• Shih-Ann Chen

    Affiliations Division of Cardiology, Taipei Veterans General Hospital, Taipei, Taiwan, Faculty of Medicine, Institute of Clinical Medicine, and Cardiovascular Research Institute, National Yang-Ming University, Taipei, Taiwan

The Different Substrate Characteristics of Arrhythmogenic Triggers in Idiopathic Right Ventricular Outflow Tract Tachycardia and Arrhythmogenic Right Ventricular Dysplasia: New Insight from Noncontact Mapping

  • Van Buu Dan Do, 
  • Wen-Chin Tsai, 
  • Yenn-Jiang Lin, 
  • Satoshi Higa, 
  • Nobumori Yagi, 
  • Shih-Lin Chang, 
  • Li-Wei Lo, 
  • Fa-Po Chung, 
  • Jo-Nan Liao, 
  • Yen-Chang Huang
PLOS
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Abstract

Background

The aim of this study was to investigate the different substrate characteristics of repetitive premature ventricular complexed (PVC) trigger sites by the non-contact mapping (NCM).

Methods

Thirty-five consecutive patients, including 14 with arrhythmogenic right ventricular cardiomyopathy/dysplasia (ARVC) and 21 with idiopathic right ventricular outflow tract tachycardia (RVOT VT), were enrolled for electrophysiological study and catheter ablation guided by the NCM. Substrate and electrogram (Eg) characteristics of the earliest activation (EA) and breakout (BO) sites of PVCs were investigated, and these were confirmed by successful PVC elimination.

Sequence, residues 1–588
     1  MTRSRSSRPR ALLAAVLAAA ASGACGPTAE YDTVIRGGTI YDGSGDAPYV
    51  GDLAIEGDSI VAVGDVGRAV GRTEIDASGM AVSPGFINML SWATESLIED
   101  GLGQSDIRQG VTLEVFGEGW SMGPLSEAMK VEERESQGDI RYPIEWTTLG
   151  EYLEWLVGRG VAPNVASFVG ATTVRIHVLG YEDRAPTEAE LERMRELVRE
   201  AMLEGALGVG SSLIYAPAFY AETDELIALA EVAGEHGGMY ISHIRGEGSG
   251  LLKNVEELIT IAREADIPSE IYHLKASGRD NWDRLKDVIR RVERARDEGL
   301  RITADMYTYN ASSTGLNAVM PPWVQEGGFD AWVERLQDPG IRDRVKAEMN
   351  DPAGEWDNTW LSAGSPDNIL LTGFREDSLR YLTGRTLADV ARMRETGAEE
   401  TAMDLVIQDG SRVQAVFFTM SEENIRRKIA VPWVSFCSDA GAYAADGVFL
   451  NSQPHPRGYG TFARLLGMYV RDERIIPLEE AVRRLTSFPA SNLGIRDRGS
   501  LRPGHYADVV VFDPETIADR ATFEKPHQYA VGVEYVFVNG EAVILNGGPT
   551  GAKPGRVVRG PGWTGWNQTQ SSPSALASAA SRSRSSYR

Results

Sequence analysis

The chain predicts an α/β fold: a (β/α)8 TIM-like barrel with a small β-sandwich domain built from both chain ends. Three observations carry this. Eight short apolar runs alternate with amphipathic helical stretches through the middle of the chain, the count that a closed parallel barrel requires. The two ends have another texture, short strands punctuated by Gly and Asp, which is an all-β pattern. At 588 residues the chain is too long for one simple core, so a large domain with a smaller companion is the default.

Results

Overall 35 dominant focal PVCs were identified. PVCs arose from the focal origins with preferential conduction, breakout, and spread to the whole right ventricle. The conduction time and distance from EA to BO site were both longer in the ARVC than the RVOT group. The conduction velocity was similar between the 2 groups. The negative deflection of local unipolar Eg at the EA site (EA slope3,5,10ms values) was steeper in the RVOT, compared to ARVC patients. The PVCs of ARVC occurred in the diseased substrate in the ARVC patients. More radiofrequency applications were required to eliminate the triggers in ARVC patients.

Conclusions/Interpretation

The substrate characteristics of PVC trigger may help to differentiate between idiopathic RVOT VT and ARVC. The slowing and slurred QS unipolar electrograms and longer distance from EA to BO in RVOT endocardium suggest that the triggers of ARVC may originate from mid- or sub-epicardial myocardium. More extensive ablation to the trigger site was required in order to create deeper lesions for a successful outcome.

Introduction